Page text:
Urban Farming Trends https://urbanfarmingtrends.com What's Happening In Urban Agriculture Today Fri, 11 Aug 2017 22:58:29 +0000 en-US hourly 1 https://wordpress.org/?v=4.8.1 https://i0.wp.com/urbanfarmingtrends.com/wp-content/uploads/2016/08/2016-08-12_1722.png?fit=32%2C32&ssl=1 Urban Farming Trends https://urbanfarmingtrends.com 32 32 127979001 Urban Farming for Everybody https://urbanfarmingtrends.com/urban-agriculture/urban-gardening/urban-farming-for-everybody/ Fri, 11 Aug 2017 22:58:29 +0000 https://urbanfarmingtrends.com/target/urban-farming-for-everybody/ Shantae Johnson, co-owner of MudBone Grown, stands at the Oregon Food Bank’s Unity Farm, where her startup — which also provides education, outreach and advocacy around food justice and urban farming — is now growing food. Photo by Christen McCurdy Shantae Johnson and Arthur Shavers both grew up in Portland and both grew up gardening. […]

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Urban Farming for Everybody

Shantae Johnson, co-owner of MudBone Grown, stands at the Oregon Food Bank’s Unity Farm, where her startup — which also provides education, outreach and advocacy around food justice and urban farming — is now growing food. Photo by Christen McCurdy Shantae Johnson and Arthur Shavers both grew up in Portland and both grew up gardening.

Johnson’s great-grandmother grew berries for the J.M. Smucker company, and her family grew much of its own food. Shavers helped his grandmother in the garden when he was young. After they met they kept a garden wherever they could – in community garden plots or in the back yard of a condo – but dreamed of having their own farm.

Now they’ve launched MudBone Grown, a company focused on promoting farming, education and community outreach – and a culturally specific urban food systems project at the Oregon Food Bank’s 33rd Avenue farm.

Prior to the company’s launch, Johnson worked for Multnomah County as a community health worker and breastfeeding peer counselor. Shavers had worked as a leather smith, firefighter and emergency medical technician.

Having inherited an interest in growing food, they wanted to pass that on to their children: they each had two from previous relationships when they met, and have since had two together.

“We wanted to teach our kids to be self-sufficient,” Johnson said.

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Growing Cucumbers Vertically https://urbanfarmingtrends.com/vertical-farming/growing-cucumbers-vertically/ Fri, 30 Jun 2017 20:20:57 +0000 http://urbanfarmingtrends.com/?p=4970 The post Growing Cucumbers Vertically appeared first on Urban Farming Trends.

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I have just recently started growing cucumbers vertically.  For many years I grew my cucumbers by the old traditional method.  Make a hill and plant a few seeds and let them grow out from the hill.  This worked and I got plenty of cucumbers.  However, I discovered that the older I get, the less I like bending over or crawling around on the ground looking for my veggies. That is why I started growing cucumbers vertically.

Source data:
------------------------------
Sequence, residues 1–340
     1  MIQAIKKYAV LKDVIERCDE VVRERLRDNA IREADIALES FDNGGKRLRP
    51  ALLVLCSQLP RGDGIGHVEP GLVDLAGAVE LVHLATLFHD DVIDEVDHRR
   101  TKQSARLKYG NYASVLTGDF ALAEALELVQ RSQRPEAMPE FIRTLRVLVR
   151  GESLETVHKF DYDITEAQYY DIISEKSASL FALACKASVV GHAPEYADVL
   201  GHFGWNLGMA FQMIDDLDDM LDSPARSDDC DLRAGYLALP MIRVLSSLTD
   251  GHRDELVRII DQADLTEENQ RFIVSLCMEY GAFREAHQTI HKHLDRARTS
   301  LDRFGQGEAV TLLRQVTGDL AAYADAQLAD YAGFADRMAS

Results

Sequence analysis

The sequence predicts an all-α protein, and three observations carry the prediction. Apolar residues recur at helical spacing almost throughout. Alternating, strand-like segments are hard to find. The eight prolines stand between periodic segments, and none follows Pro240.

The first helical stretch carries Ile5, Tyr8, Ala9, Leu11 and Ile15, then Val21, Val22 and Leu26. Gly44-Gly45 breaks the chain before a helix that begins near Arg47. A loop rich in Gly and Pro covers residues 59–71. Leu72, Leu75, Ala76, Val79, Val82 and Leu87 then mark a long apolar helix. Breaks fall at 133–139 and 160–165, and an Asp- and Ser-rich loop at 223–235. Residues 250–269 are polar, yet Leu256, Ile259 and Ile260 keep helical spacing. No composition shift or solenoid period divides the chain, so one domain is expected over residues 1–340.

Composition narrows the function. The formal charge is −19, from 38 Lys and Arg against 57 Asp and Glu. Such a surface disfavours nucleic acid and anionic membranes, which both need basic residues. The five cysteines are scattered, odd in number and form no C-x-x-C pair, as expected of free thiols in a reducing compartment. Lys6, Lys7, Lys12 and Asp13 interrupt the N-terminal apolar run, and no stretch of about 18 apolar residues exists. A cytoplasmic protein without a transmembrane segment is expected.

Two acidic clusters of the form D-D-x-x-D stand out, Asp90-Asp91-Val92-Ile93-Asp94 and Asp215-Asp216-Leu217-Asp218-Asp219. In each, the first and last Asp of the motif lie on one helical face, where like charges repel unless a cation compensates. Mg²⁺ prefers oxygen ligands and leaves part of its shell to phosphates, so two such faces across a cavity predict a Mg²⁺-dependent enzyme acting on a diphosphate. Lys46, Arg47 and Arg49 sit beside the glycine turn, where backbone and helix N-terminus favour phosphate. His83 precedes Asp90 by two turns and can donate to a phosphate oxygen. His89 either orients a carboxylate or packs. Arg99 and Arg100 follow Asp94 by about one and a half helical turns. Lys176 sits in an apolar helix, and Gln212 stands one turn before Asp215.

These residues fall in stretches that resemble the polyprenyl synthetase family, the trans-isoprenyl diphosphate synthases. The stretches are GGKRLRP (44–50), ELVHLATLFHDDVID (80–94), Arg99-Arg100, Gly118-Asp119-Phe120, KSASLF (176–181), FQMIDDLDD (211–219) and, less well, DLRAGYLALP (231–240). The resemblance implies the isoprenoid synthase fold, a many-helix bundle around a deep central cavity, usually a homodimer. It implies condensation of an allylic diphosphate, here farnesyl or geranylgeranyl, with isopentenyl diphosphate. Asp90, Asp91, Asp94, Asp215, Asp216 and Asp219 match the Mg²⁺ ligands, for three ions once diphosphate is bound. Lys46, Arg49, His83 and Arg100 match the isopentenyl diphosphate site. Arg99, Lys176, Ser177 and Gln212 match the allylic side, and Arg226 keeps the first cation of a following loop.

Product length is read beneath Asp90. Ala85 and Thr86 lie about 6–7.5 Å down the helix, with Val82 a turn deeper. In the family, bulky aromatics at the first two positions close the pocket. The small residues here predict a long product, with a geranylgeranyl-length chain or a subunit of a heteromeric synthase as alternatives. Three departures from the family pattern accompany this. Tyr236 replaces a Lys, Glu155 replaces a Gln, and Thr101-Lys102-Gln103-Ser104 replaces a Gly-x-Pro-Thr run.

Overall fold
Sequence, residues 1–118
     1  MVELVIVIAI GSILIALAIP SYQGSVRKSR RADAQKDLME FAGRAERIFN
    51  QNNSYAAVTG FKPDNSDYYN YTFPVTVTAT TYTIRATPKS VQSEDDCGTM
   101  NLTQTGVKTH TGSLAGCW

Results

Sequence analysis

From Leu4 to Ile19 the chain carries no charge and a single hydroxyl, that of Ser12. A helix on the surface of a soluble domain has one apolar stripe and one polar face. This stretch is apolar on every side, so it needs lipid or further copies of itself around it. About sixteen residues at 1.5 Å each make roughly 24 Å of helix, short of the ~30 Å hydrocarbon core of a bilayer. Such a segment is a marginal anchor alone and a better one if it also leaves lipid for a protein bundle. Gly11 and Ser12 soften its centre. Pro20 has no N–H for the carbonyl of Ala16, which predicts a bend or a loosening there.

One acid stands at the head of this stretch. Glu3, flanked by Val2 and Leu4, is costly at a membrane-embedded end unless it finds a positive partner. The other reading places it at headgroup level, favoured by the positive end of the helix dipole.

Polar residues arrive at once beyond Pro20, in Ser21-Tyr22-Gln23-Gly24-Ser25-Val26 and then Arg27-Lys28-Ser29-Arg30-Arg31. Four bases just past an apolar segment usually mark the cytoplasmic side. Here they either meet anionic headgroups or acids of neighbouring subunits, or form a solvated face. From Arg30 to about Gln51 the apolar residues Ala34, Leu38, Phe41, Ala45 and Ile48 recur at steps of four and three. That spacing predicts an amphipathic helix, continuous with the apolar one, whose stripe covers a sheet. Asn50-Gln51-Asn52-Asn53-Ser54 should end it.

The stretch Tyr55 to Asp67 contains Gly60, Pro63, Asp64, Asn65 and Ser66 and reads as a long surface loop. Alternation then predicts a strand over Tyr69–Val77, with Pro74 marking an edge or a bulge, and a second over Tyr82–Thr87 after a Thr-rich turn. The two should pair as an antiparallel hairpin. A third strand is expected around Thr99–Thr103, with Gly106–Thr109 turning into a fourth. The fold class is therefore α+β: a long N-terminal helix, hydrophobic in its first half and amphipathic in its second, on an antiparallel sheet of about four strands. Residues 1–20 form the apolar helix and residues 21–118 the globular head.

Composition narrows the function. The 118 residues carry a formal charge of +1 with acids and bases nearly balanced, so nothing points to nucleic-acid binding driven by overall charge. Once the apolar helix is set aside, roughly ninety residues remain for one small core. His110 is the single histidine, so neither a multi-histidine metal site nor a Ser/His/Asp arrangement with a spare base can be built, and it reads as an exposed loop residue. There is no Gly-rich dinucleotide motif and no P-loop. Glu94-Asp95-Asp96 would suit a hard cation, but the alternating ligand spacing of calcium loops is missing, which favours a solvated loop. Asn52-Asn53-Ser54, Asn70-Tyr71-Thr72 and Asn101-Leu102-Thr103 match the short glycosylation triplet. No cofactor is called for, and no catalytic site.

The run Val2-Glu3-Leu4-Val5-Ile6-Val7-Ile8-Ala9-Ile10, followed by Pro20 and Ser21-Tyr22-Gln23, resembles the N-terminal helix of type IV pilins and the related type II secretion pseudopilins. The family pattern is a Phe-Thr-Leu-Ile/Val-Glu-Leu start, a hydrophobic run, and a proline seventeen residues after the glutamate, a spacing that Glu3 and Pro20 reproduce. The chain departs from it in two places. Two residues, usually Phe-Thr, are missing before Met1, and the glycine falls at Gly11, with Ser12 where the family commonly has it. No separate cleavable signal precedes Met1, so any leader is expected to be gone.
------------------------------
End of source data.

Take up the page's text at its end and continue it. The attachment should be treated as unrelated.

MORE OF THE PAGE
Most of my crops are either planted in raised beds or in raised planters.  There is less bending, but also there are fewer weeds to deal with, it takes less water and overall just less work.

Raised Planter Boxes

Raised planters

Raised planters with lettuce, onions, and herbs.

The raised planters boxes are lined with pond liner and the bottom filled with about 4 inches of lava rock.  The rock is covered with a weed block to keep the soil from filling up around the rock.

There is a piece of PVC on top of the weed block that has holes drilled in bottom and runs out one end.  Soil is then used to fill the boxes.  You water about once a week in hot weather.  You know you have watered enough when it starts to run out of the PVC.  Although, here it is almost July in Texas and I have yet to need to water.  That will probably change soon.

 

 

Growing Cucumbers Vertically

Growing Cucumbers Vertically

Cucumbers

To grow cucumbers vertically, I made a support using cattle panels from Tractor Supply.  I just put in a few stakes down where I wanted the one side and placed the panel and bent it over and staked the other side.  I put a pile of compost down the middle to keep moisture in, keep weeds down and provide nutrients to the plants.  I have green beans on the one side and I am growing cucumbers vertically on the other.

I am growing pickling cucumbers that I bought online.  I thought I would have to train the cucumbers to grow up the trellis, but they seem to do it well on their own.  I still have several that grow near the bottom, but after you pick these most of the rest will be from the hanging vines.  It is the same with the green beans, you initially have to get down and hunt for beans, but after a couple of weeks, they grow where you can pick without bending much.

I was going to try cantaloupe this way, but what I thought was canteloupe turned out to be gordes, so I pulled them up so as not to attract squash bugs.

As the plants get larger and larger, the easier it is to find the cucumbers.  I am wasting less and less.  They are just hanging there waiting for you to pick.  I will definitely be growing cucumbers vertically from now on.